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Combination inhalers for asthma and COPD containing long-acting beta agonists (LABA) drugs along with inhaled corticosteroids can lose their black-box warnings about their previously-theorized risk of asthma-related death, the FDA announced.
The original boxed warning came in 2011 in the wake of a small number of asthma-related deaths among patients taking LABA monotherapy (without inhaled steroids). The deaths were never definitely attributed to the LABAs. As a precautionary measure, FDA ordered pharmaceutical companies producing the major ICS/LABA products to conduct large postmarketing safety trials. Those four clinical safety trials enrolling 41,297 patients showed no increase in serious asthma-related adverse events with the ICS/LABA combination inhalers as compared to inhaled steroid monotherapy:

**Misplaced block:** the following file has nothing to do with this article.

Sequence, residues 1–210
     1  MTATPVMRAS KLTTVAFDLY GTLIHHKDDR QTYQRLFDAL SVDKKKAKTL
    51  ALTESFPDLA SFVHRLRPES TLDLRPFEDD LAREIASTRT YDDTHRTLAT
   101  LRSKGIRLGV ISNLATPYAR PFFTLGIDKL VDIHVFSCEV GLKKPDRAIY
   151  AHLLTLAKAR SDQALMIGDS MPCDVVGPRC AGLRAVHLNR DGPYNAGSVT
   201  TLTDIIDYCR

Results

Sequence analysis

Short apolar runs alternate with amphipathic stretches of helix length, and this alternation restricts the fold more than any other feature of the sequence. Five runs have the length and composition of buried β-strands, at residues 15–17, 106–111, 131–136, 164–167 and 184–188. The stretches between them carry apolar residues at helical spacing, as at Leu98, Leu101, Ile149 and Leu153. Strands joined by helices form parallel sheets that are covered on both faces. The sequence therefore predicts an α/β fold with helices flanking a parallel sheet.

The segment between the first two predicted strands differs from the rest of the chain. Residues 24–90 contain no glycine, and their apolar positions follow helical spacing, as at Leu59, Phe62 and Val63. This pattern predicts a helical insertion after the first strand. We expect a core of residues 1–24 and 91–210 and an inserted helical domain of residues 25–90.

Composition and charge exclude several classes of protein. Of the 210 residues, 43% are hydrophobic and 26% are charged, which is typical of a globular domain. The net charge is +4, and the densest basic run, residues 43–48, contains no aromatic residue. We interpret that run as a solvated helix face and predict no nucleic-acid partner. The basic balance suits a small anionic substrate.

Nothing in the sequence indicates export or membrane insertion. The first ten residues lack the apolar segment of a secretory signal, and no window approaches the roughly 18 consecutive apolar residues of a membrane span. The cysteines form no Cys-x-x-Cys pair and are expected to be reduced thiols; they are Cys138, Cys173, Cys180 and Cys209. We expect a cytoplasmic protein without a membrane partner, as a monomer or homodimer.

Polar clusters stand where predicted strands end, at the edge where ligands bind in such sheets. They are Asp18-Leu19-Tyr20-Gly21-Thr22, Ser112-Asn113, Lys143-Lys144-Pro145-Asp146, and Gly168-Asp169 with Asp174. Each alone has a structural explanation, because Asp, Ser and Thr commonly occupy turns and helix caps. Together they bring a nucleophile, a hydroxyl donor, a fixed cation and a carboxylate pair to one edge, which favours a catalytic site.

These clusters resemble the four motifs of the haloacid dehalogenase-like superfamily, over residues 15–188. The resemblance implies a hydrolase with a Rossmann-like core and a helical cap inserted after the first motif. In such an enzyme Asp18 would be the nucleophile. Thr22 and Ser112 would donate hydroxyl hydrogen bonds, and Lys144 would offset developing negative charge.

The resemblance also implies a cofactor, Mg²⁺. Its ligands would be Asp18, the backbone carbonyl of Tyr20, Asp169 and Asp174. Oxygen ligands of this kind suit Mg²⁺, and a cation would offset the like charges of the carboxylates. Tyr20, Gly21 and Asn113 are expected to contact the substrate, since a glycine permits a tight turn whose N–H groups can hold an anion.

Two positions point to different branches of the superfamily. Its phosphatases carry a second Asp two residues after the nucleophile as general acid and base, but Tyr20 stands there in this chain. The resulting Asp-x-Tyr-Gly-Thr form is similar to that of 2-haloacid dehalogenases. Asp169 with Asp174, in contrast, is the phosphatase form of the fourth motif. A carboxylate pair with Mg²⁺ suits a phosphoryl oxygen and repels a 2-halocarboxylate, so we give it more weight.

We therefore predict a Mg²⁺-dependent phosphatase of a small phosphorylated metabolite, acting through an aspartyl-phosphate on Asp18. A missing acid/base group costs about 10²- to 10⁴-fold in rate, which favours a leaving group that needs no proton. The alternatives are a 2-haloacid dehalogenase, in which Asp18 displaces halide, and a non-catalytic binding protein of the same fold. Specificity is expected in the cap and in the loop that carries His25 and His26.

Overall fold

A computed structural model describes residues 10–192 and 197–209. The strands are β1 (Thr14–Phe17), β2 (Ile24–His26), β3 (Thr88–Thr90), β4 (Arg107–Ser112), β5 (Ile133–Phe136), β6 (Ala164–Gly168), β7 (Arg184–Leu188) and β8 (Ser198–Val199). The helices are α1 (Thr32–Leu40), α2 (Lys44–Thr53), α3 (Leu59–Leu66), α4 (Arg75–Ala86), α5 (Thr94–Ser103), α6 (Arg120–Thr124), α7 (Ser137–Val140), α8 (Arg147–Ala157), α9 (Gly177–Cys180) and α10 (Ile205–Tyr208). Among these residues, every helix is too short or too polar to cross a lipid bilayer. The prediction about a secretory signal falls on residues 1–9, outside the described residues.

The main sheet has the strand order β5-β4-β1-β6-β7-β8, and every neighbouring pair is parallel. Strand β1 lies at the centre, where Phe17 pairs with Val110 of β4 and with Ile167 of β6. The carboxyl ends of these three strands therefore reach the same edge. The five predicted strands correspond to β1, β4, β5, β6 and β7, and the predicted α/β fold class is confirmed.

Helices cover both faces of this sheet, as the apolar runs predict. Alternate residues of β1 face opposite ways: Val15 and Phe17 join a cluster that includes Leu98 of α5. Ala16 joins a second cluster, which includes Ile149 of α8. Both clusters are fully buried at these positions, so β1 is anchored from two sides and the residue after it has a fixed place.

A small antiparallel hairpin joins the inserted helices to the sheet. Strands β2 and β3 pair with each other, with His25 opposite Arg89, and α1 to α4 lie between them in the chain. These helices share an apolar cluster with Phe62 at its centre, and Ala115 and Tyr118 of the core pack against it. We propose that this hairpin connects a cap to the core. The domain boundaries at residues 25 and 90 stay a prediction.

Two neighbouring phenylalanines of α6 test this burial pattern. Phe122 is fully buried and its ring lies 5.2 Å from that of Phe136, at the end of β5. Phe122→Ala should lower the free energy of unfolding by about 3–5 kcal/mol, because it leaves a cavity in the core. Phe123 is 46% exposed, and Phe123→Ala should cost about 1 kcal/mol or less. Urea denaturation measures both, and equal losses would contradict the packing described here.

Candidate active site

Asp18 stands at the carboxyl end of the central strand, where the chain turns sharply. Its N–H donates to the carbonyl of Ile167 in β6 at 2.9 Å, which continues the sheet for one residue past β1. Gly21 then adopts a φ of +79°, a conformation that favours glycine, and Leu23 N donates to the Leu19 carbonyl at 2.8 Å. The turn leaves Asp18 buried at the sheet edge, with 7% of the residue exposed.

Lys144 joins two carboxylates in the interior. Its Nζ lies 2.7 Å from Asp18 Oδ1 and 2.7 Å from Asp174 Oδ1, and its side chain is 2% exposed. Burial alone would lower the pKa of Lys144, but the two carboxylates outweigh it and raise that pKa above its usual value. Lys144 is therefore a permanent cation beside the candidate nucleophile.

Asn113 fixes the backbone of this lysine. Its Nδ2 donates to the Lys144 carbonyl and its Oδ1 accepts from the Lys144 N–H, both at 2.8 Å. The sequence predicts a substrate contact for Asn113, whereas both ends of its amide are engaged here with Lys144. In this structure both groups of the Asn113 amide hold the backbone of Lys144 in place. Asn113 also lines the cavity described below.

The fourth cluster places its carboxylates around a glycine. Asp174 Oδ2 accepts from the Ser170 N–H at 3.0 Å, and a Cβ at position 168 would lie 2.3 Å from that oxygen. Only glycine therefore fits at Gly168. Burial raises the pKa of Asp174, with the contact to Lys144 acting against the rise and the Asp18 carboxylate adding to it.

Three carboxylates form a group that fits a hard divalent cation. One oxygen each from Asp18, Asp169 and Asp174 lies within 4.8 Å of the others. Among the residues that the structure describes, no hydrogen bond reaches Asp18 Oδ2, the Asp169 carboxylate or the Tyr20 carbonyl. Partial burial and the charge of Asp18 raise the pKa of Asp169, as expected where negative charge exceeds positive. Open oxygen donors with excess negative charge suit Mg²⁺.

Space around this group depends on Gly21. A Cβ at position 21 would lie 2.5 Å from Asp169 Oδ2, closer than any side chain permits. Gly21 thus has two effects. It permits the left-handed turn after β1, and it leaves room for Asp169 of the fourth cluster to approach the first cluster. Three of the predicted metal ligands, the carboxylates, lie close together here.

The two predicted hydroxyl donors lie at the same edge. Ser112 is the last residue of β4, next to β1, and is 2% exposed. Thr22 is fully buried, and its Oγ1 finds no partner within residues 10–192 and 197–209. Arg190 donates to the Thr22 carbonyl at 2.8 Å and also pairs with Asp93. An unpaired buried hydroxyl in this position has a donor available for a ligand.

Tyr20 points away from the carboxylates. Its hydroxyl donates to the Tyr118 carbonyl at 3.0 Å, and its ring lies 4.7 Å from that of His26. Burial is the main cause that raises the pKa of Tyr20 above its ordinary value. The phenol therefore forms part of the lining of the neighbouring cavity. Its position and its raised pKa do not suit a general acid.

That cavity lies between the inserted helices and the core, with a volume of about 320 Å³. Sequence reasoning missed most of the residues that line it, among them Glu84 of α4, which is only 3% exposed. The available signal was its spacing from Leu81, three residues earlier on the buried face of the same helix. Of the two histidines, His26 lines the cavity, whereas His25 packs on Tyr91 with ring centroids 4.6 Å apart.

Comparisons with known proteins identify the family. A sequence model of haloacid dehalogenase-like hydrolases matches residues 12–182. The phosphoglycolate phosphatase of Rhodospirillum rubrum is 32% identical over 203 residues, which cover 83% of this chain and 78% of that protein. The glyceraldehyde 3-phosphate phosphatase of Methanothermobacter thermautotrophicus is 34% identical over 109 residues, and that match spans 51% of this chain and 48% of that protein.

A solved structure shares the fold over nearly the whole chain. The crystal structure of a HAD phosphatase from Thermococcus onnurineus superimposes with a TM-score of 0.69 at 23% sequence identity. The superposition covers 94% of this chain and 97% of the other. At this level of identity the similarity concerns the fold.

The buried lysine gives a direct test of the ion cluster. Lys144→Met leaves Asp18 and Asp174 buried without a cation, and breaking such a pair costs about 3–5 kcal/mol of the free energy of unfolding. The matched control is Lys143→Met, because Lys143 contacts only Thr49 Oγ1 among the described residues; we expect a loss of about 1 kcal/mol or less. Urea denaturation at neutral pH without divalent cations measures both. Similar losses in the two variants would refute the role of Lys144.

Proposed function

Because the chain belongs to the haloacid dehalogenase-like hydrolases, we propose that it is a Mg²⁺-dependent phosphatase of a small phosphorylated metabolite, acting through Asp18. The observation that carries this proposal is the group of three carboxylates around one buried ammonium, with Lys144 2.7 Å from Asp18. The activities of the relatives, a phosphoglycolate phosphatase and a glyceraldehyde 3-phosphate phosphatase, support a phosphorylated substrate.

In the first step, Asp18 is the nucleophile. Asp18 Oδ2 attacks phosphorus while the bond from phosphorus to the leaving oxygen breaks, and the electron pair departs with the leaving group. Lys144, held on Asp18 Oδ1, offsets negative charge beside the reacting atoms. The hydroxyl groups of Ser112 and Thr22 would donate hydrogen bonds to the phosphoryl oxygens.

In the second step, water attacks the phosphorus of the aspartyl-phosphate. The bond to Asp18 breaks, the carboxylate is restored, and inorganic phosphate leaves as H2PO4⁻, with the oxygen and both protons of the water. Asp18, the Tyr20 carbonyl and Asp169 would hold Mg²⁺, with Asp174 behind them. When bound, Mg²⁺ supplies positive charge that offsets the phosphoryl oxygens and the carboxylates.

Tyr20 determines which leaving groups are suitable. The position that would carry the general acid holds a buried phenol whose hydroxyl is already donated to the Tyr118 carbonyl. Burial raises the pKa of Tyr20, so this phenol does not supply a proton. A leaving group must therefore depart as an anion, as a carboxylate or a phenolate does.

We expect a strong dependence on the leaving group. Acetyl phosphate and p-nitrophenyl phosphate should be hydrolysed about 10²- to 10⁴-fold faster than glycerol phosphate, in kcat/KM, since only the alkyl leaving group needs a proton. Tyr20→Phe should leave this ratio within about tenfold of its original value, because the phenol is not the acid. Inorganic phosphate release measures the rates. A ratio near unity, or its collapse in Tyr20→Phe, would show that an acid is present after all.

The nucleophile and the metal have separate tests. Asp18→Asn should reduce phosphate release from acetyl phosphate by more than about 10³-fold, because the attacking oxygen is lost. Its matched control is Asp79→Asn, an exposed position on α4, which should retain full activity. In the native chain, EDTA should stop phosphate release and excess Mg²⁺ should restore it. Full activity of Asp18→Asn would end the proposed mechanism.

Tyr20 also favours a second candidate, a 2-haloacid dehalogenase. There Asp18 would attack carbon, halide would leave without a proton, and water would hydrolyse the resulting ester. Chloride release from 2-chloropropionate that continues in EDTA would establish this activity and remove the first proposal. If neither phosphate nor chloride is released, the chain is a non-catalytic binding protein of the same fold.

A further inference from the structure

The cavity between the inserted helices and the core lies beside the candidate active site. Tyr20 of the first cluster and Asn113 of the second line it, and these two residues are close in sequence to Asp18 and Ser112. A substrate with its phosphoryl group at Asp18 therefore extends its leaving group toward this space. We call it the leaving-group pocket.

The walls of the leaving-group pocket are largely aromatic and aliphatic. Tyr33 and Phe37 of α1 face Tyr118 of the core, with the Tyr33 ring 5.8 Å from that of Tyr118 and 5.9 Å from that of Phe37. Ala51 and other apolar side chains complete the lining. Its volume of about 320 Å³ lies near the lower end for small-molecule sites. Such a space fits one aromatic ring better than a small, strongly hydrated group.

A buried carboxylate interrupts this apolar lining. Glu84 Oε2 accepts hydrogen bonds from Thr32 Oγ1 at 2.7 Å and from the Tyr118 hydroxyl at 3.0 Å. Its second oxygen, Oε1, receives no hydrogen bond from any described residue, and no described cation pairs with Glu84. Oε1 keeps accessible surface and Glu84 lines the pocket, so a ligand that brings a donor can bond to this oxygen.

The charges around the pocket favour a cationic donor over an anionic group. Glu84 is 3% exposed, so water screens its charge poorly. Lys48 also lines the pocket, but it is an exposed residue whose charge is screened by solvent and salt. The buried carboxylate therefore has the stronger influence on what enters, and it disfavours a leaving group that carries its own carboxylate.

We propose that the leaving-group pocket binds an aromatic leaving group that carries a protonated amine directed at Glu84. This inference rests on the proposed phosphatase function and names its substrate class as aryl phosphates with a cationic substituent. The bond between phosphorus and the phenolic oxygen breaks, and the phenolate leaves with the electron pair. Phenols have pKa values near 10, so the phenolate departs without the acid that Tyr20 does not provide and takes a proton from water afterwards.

- No increased hospitalizations for asthma exacerbations
- No excess rate of intubation
- No increased risk of asthma-related death
Prespecified subgroup analyses among adolescents, men, and African-Americans (the groups considered to be at potentially higher risk) also showed no excess in adverse events with ICS/LABAs.
Long-acting beta-agonists include formoterol, salmeterol, and vilanterol. Drugs affected by the new labeling change include:
- Breo Ellipta
The drug companies got something else out of their several hundred million dollars of compelled investment in the safety trials. The studies showed that patients taking ICS/LABA combination inhalers had fewer asthma exacerbations, and the companies will be allowed to add this treatment benefit to the products’ labels (and advertise accordingly).